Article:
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These best stories of the comic books are preceded by their issue number.
All three of these heroes were young and fairly glamorous. All three seemed a little younger than Superman or Batman would be, for example.
Both Spencer Steel and Larry Steele lived in a world of sophistication, with nice clothes and often glamorous New York City surroundings. Neither cops or private eyes usually move in such circles. In Larry Steele's case, there is some justification: although he is a private eye, he is from an upper middle class family, and he seems to have an independent source of income, as well as many friends from the upper crust with whom he grew up and went to school and college. By contrast, it is not clear how Spencer Steel supports his life style; New York City cops of the era were typically not affluent.
The Spencer Steel stories were usually ascribed to Dennis Colebrook on their splash panel. I do not know if he was their writer or artist or both.
Spencer Steel was created in Jumbo Comics #1 (September 1938). He appeared in Jumbo Comics through #14 (April 1940). Then he moved to Fight Comics, running from #7 (July 1940) to #14 (August 1941).
Spencer Steel was aided in his work by none too swift policeman Michael "Mike" McCarthy. Such comic police assistants, honest but dumb, were frequent comedy relief in Hollywood whodunit movies. McCarthy talks like a stage Irishman. He also wears old-fashioned urban-style clothes that look many years out-of-date, sort of like a 1900 ward heeler or saloon habitue.
The Pixie Panto Problem (1940). (The GCD now uses the tale's opening phrase as a title for this untitled tale: "After his surprise elopement, and short honeymoon, Spencer...".) Spencer Steel and his new wife Nora solve two unrelated cases: first the escaped criminal "Pixie" Panto threatens Steel; then they solve the mystery of who killed wealthy Mrs. Agatha Danbury. The two cases here come from two different schools of crime fiction. "Pixie" Panto is a thriller dealing with tough criminals and cops; the Mrs. Danbury case is a traditional Golden Age whodunit, complete with a wealthy family's mansion and a closed circle of suspects. There is a clue to the killer in this second story, and it attempts to go through the motions of being a puzzle plot whodunit, but it is not very developed or creative with this aspect.
The dining nook in their home where the Steels have breakfast is a nice architectural touch. It has an arched top.
Spencer is aided by his wife Nora in many of their cases. Such helpful wives and fiancees were not uncommon in the comics.
Nora genuinely contributes to both cases. In the "Pixie" Panto, her driving is essential to the chase and capture of Panto, as she points out. And she finds the clue to the killer of Mrs. Danbury, which Steel then interprets to deduce the killer. She also finds the explanation for a subplot, showing that it is a red herring.
Nora shows courage in her driving. However, Spencer Steel shows a male chauvinist desire for superiority, and uses the way Nora faints in shocking situations to feel superior.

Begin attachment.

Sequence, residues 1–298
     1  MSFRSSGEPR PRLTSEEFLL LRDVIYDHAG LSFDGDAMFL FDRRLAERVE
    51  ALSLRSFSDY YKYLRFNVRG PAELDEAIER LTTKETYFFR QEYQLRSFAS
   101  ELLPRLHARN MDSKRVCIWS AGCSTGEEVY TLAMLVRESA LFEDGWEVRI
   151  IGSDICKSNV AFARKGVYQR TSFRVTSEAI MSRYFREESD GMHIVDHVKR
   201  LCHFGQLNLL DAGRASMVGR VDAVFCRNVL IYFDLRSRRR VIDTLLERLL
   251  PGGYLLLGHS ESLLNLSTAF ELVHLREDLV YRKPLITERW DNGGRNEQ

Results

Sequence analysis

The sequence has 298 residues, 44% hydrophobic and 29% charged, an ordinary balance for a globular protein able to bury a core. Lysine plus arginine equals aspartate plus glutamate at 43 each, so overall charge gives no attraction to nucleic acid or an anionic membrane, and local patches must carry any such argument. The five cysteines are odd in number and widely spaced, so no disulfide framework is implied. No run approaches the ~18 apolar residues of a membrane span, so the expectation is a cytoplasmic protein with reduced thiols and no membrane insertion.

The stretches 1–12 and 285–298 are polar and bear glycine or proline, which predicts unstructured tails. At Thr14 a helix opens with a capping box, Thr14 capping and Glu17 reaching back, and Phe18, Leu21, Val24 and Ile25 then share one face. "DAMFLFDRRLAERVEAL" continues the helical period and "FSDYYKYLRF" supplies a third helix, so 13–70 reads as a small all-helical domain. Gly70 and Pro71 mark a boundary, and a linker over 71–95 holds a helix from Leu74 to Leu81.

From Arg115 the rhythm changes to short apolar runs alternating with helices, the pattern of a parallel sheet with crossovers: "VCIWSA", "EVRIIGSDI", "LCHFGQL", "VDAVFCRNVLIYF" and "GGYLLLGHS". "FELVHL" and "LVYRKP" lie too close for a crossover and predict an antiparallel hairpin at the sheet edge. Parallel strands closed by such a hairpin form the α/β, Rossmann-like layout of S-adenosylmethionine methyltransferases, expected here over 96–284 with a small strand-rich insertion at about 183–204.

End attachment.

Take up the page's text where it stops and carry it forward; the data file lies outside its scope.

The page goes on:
Nora Steel faints twice, and is caught and supported by her husband, in identically posed panels. In each, he is effortlessly supporting her by one hand. In both, he is standing tall and erect. These are two of the most macho portraits of Spencer Steel. They show his huge muscles and build. They also show him smiling, and his wavy blond hair. He looks very young and strong.
Spencer's clothes go through a series of stages, making him more and more dressed up:
"Sure, an' I stopped one that time, eh, Steel?". (#13, March 1940). (The GCD uses the first line of this untitled story as a title.) Spencer Steel investigates the mystery of a stolen Rembrandt painting at a museum.
This story mixes two modes. Its setting at a prestige museum recalls Golden Age prose mystery fiction, especially that of S.S. Van Dine and his followers. But it is filled with tough action, culminating in a big fight - which more recalls pulp fiction. One notes that there are also hard-boiled pulp magazine stories about the thefts of paintings, such as "Red Goose" (1934) by Norbert Davis.
The mystery plot isn't brilliant, but it is conscientiously detailed:
The last panels show Spencer Steel in heightened looks (page 5). While Steel has a not-bad build throughout the tale, a back view of Spencer Steel talking to the police shows him built like a gorilla, with huge shoulders and back muscles. The cops are in spiffy dress uniforms, with patch pockets, breeches, boots and a Sam Browne belt. Next Spencer is shown in one of the fancy overcoats that were so dressy for men in this era. (The GCD speculates this tale is the work of multiple artists. The more muscular build Spencer suddenly acquires might be the work of a new artist on these last panels.)
Comic books liked to show well-built men from the back. See "Puppet on a String" (Love Stories #152, October - November 1973). The hero of this romance comic has huge shoulders, and they look giant seen from behind in his tux.
The Mystery Murders of Las Vegas (1940). (The GCD now uses the tale's opening phrase as a title for this untitled tale: "Spencer Steel and his wife, vacation bound to...") A killer drops mimeographed leaflets in Las Vegas, Nevada, warning people of his next victim.
Steel follows up on a well-constructed clue, to identify the killer.
The Las Vegas police chief is eager to work with Spencer Steel. This is typical of the respect he gets everywhere as a detective.
The Las Vegas police chief is in a spiffy black (or maybe very dark navy blue) uniform, with a huge police badge on his chest, white shirt and tie, and a leather Sam Browne belt (p2). Later, there are portraits of the chief wearing his huge uniform cap (p8).